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Learn by Doing

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  • | 11:00 a.m. March 2, 2018
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After several years of preparation, Florida Gulf Coast University initiated entrepreneurial instruction in fall 2014. By fall 2016, it opened an incubator, the Runway Emerging Technology Institute. The university followed in fall 2017 by taking another big step: offering a major in entrepreneurship studies.

In doing so, FGCU did something only two other U.S. universities — Florida State and Drexel University in Philadelphia — have done. It created the program as its own entity, separate from the business college, and offered its curriculum to students in any FGCU college.

In addition to its independence, the program, under the name the Institute for Entrepreneurship, took a counterintuitive approach from the start. That includes incorporating nonbusiness faculty in the classes, and a learn-by-doing approach that emphasizes experience over classroom instruction.  

Institute Director Sandra Kauanui, also an FGCU professor of management and entrepreneurship, studied the setup for other entrepreneurial degree programs at colleges of business around the country. Her conclusion: “Business schools are not always the most creative.”

Business schools, she says, need to get out more often. “If you get your education all in one area,” she adds, “it is hard to be innovative.”

Kauanui founded and guided a Norfolk, Va., investment and securities firm for 20 years. She sold it and entered academia at midlife, after she earned a doctorate from George Washington University.

Student reaction to the curriculum has been astounding, says Kauanui, former chair of business management instruction at FGCU's Lutgert College of Business. The bachelor program drew nearly 130 students in its fall launch. By graduation, they will take eight or nine courses that are purely entrepreneurial, Kauanui says. She says another 160 students are pursuing a minor in entrepreneurship. The minor has grown to be the university's largest — four years after inception.

Also, Kauanui and Entrepreneur in Residence Mark Bole, former owner of a Luxembourg investment firm, spend a large part of each week with students at the Runway Emerging Technology Institute incubator, joined by about 60 mentors from the community. “They have been successful” and want to help students do the same, Kauanui says.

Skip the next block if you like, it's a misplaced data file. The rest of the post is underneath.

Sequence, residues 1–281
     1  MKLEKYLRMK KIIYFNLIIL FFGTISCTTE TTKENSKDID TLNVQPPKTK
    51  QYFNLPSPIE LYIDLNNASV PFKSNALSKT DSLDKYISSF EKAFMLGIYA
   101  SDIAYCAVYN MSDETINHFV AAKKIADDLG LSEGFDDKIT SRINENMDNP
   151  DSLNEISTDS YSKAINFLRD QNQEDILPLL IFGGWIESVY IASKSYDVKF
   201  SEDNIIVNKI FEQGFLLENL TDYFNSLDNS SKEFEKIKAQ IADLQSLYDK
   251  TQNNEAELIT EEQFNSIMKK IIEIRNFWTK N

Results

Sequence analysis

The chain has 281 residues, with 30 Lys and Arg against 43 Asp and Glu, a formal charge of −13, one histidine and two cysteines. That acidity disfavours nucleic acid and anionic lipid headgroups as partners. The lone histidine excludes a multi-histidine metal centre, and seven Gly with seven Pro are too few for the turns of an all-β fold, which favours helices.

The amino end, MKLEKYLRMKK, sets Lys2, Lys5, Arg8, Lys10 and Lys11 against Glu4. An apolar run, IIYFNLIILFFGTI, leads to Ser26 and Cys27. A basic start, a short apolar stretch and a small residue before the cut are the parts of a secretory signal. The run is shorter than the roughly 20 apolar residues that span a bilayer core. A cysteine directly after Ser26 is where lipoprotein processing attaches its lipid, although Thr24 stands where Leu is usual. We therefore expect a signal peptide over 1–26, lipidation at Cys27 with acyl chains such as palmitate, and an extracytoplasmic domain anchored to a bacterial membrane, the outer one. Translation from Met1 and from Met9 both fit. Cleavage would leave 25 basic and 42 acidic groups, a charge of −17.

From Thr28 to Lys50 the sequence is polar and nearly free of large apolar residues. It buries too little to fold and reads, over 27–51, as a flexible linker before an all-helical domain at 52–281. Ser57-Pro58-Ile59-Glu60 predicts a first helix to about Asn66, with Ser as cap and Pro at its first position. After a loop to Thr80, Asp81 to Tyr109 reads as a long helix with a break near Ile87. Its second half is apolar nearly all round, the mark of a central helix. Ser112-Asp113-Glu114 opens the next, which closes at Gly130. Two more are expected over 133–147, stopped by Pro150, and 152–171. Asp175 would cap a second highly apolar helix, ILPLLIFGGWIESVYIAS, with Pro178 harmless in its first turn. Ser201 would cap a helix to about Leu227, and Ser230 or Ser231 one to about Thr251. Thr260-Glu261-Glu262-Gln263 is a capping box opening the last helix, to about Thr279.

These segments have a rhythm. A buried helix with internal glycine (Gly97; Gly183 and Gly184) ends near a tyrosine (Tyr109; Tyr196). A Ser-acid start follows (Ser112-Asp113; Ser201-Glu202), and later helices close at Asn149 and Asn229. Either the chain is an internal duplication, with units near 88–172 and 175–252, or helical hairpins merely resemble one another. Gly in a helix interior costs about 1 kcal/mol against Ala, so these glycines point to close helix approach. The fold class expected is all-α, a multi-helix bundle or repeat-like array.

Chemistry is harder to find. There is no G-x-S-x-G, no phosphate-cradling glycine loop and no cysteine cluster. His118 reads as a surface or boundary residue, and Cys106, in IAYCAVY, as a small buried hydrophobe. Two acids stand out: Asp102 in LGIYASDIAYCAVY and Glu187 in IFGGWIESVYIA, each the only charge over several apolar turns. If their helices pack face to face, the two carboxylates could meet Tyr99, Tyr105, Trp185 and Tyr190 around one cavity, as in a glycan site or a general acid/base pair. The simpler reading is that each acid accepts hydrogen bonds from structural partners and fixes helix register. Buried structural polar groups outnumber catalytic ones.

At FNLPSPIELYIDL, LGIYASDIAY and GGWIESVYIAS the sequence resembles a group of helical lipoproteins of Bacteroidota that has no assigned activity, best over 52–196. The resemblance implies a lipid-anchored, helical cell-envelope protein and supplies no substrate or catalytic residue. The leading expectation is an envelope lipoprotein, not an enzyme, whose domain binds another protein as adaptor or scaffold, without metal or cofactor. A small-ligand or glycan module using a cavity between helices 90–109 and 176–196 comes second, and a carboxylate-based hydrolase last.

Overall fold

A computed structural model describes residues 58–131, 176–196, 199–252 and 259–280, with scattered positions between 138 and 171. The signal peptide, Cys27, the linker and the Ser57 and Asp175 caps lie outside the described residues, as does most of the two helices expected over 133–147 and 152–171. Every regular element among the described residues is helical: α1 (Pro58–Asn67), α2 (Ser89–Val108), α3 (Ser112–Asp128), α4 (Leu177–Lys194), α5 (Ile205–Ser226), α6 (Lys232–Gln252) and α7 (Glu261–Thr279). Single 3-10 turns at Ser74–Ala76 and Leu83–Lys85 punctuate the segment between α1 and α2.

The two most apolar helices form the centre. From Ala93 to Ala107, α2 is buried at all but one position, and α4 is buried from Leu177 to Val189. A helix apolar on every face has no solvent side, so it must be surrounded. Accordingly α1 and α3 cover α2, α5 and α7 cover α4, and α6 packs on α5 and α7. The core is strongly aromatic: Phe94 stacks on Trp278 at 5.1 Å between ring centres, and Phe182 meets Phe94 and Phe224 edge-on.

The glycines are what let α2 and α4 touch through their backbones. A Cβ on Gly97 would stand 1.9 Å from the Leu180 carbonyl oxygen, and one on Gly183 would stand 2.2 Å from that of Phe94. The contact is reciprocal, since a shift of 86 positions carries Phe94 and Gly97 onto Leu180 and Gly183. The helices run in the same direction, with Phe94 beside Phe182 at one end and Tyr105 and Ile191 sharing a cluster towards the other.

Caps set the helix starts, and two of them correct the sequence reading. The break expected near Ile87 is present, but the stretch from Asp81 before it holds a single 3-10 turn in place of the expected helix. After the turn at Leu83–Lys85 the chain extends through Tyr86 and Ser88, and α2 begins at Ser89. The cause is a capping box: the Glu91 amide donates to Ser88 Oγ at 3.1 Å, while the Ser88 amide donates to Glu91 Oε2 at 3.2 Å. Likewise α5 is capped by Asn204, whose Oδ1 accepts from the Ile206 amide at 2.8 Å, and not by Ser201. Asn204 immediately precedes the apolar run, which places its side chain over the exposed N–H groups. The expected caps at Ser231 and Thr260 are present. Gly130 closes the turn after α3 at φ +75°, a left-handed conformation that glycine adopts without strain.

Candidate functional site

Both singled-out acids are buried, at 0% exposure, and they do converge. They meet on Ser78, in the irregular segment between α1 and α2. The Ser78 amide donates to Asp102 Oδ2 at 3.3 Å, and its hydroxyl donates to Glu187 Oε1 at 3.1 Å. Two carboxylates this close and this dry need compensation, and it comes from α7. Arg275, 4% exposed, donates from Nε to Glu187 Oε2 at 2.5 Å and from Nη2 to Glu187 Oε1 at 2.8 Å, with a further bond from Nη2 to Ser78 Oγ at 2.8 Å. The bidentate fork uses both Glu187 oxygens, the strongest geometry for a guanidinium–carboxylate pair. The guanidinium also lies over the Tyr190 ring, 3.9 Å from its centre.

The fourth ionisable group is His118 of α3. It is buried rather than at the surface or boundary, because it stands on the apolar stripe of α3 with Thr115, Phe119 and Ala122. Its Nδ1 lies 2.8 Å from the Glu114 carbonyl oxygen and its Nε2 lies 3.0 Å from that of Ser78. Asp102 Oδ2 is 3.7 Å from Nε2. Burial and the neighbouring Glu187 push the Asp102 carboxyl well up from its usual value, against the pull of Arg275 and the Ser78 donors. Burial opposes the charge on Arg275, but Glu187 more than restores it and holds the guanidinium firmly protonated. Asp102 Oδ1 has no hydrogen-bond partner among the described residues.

While teaching entrepreneurs remains the overall goal, Kauanui recognizes the school and its programs can accomplish a secondary, albeit crucial, objective: reversing brain drain, where young people grow up in the region, go to school here and leave for better opportunities. The program's students, she says “are so bright and so capable.”


The Runway Emerging Technology Institute, the business incubator arm of the Institute for Entrepreneurship at Florida Gulf Coast University, is off to a strong start. The university used grant money to set up the incubator in 2016, and money for student business competitions comes from business and civic contributors.

Two recent examples of the Runway's success comes from FGCU seniors Katlyn Sullivan, a biotechnology major, and Alainah Haker, a biology major. The pair impressed judges Jan. 20 in FGCU's Runway startup competition: Sullivan was awarded $10,000, while Hacker received $12,000.

Sullivan's software product stems from necessity. When she encountered confusing, and often erroneous, information in applying to medical school, she decided it was time to act. Students seeking law school and other professional post-graduate admissions encounter similar obstacles, she says. “I spent hundreds of hours gathering this information,” Sullivan notes.

The $10,000 from her Runway award will go toward developing software outlining each step in the admissions process for specific institutions, including requirements and details on tests and timetables for accomplishing each step. Sullivan intends to sell the software to colleges.

Haker will market a device and app through her company, Accugentix, to help medical patients measure and track use of CBD oil, a hemp derivative without the THC that gives marijuana users a high. The device precisely measures the dosage and reports it to the app for the patient to track, he says.

She will start with anxiety sufferers and later adjust the device to gauge correct usage for epilepsy, Parkinson's and other afflictions. Dosage accuracy, she says, is vital. “When they start taking too much, their seizures or tremors come back,” says Haker. “I'm helping them fight it by finding the sweet spot for their dosages.”


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